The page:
Brexit: Expert discusses UK’s ‘vision’ and predictions
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From January 1, importers must make a full customs declaration on goods entering the UK from the EU or other countries. The EU red tape has sparked fears of food shortages and delays at ports during the early part of 2022.
However, many Express.co.uk readers have been undeterred by the scaremongering.
Commenting on a previous online story, one reader wrote: “Buy British and you won’t need imports.”
Another with the username, Caribidus, wrote: “Buy British – bye, bye EU goods. Haven’t had anything from the 27 EU member countries for 5 years. It can be done.
A third, SanjayP, added: “Remoaners need to have something to whinge and cry about.
“They must be the only ones who thought that we would leave the EU but everything would stay the same. Which is why they think pointing to all the changes somehow reinforces their argument to remain.
“Leaving meant change and this is the result.”
Meanwhile a fourth, ChelseaChampions, said: “Personally I am not at all concerned. Businesses will adjust. Very happy with Brexit.”
The new rules, negotiated as part of the Brexit agreement and phased in gradually, mean animal and plant-based products must have statements of origin certificates.
All checks and forms must also be filled at least four hours before goods can arrive in the UK or risk being turned away.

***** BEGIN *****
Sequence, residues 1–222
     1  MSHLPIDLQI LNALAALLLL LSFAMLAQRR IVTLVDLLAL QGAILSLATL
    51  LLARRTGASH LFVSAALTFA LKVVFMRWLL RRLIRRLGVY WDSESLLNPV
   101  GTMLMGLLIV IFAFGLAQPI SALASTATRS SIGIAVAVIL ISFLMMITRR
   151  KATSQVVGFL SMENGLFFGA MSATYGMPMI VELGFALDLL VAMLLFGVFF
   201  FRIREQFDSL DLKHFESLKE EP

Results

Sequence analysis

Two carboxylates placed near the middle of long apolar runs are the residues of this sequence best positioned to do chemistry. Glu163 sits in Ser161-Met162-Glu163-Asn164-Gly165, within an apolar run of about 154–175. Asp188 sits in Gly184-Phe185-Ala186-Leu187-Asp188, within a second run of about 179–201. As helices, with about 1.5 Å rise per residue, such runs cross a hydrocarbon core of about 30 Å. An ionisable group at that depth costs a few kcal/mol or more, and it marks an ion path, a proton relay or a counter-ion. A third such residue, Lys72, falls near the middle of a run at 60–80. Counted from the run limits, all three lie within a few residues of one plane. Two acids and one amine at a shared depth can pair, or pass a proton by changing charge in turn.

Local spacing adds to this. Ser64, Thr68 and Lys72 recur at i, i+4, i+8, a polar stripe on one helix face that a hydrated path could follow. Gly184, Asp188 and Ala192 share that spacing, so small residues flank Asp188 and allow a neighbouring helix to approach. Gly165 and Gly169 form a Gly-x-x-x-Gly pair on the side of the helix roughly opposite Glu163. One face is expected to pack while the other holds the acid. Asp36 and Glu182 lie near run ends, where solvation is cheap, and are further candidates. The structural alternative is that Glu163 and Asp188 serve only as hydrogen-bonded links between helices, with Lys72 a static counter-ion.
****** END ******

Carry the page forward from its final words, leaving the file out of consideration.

Previously, traders had up to 175 days to complete the relevant customs forms in order to minimise disruption.
The British Frozen Food Federation said new border controls could result in major delays at ports.
Philip Rycroft, who was permanent secretary at the Department for Exiting the European Union (DExEU) between 2017 and 2019, said the changes will cause “teething problems”.
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He added: “The Federation of Small Businesses reckon that only about a quarter of their members are ready for this, which is a bit surprising in a way because they’d obviously had a lot of notice that this is coming.”
The UK imports five times the amount of food it exports to the EU.
There are separate provisions in place for trade with the island of Ireland.
In his New Year message, Boris Johnson vowed to “maximise the benefits of Brexit”.
The Prime Minister, marking a year since the post-Brexit free trade deal with the European Union came into force, said the Government would “go further and faster” to take advantage of the “enormous potential that our new freedoms bring” in 2022.
He said: “A year ago today we entered our new relationship with the EU through the world’s biggest ever zero-tariff, zero-quota free trade deal – the UK-EU Trade and Cooperation Agreement.
“That was just the start – our mission since has been to maximise the benefits of Brexit so that we can thrive as a modern, dynamic and independent country.”
Mr Johnson added: “From simplifying the EU’s mind-bogglingly complex beer and wine duties to proudly restoring the crown stamp on to the side of pint glasses, we’re cutting back on EU red tape and bureaucracy and restoring common sense to our rulebook.
“The job isn’t finished and we must keep up the momentum.
“In the year ahead my Government will go further and faster to deliver on the promise of Brexit and take advantage of the enormous potential that our new freedoms bring.”
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